Hadoop: Wikis

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Apache Hadoop
Hadoop Logo
Developer(s) Apache Software Foundation
Stable release 0.20.0 / 2009-04-22; 8 months ago
Written in Java
Operating system Cross-platform
Development status Active
Type Distributed File System
License Apache License 2.0
Website http://hadoop.apache.org/

Apache Hadoop is a Java software framework that supports data-intensive distributed applications under a free license.[1] It enables applications to work with thousands of nodes and petabytes of data. Hadoop was inspired by Google's MapReduce and Google File System (GFS) papers.

Hadoop is a top-level Apache project, being built and used by a community of contributors from all over the world.[2] Yahoo! has been the largest contributor[3] to the project and uses Hadoop extensively in its web search and advertising businesses.[4] IBM and Google have announced a major initiative to use Hadoop to support university courses in distributed computer programming.[5]

Hadoop was created by Doug Cutting (now a Cloudera employee)[6], who named it after his child's stuffed elephant. It was originally developed to support distribution for the Nutch search engine project.[7]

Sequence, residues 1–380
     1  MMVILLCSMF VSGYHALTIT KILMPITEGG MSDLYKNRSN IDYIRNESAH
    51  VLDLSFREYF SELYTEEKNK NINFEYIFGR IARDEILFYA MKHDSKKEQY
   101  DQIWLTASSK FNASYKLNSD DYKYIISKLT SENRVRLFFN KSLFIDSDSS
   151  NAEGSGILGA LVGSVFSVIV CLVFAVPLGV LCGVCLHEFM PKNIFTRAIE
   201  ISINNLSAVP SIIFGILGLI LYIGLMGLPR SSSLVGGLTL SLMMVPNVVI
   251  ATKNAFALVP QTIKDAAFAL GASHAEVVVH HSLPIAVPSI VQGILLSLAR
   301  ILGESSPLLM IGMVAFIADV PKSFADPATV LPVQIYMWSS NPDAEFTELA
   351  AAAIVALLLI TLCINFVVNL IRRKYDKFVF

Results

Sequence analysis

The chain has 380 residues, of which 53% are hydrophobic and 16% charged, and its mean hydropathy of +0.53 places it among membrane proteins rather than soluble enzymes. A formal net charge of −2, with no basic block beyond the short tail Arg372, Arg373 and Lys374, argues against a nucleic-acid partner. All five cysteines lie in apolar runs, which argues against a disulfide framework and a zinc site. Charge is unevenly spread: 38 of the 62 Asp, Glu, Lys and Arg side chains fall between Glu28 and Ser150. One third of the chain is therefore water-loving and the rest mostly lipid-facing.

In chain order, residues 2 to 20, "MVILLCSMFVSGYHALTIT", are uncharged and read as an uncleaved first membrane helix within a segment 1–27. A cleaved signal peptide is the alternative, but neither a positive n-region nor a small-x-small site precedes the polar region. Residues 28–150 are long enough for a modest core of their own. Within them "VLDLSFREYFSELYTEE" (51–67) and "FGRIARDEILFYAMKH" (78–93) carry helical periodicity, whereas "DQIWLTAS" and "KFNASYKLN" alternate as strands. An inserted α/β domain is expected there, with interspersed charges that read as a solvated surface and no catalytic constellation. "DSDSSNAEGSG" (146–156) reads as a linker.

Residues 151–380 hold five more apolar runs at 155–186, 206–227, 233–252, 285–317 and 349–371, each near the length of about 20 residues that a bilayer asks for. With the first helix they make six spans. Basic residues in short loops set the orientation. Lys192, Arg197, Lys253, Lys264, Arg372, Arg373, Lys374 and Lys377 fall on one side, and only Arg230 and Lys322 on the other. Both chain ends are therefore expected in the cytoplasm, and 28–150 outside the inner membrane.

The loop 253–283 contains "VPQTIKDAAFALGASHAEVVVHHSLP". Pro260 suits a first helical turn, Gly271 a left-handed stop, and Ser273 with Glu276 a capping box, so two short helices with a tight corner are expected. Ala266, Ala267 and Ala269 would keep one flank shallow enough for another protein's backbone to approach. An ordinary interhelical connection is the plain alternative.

Contents

Architecture

Hadoop consists of the Hadoop Core, which provides access to the filesystems that Hadoop supports. "Rack awareness" is an optimization which takes into account the geographic clustering of servers; network traffic between servers in different geographic clusters is minimized.[8] As of June 2008, the list of supported filesystems includes:

  • HDFS: Hadoop's own filesystem. This is designed to scale to petabytes of storage and runs on top of the filesystems of the underlying operating systems.
  • Amazon S3 filesystem. This is targeted at clusters hosted on the Amazon Elastic Compute Cloud server-on-demand infrastructure. There is no rack-awareness in this filesystem, as it is all remote.
  • CloudStore (previously Kosmos Distributed File System) - like HDFS, this is rack-aware.
  • FTP Filesystem: this stores all its data on remotely accessible FTP servers.
  • Read-only HTTP and HTTPS file systems.
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Hadoop Distributed File System

The HDFS filesystem stores large files (an ideal file size is a multiple of 64 MB[9]), across multiple machines. It achieves reliability by replicating the data across multiple hosts, and hence does not require RAID storage on hosts. With the default replication value, 3, data is stored on three nodes: two on the same rack, and one on a different rack.

The filesystem is built from a cluster of data nodes, each of which serves up blocks of data over the network using a block protocol specific to HDFS. They also serve the data over HTTP, allowing access to all content from a web browser or other client. Data nodes can talk to each other to rebalance data, to move copies around, and to keep the replication of data high.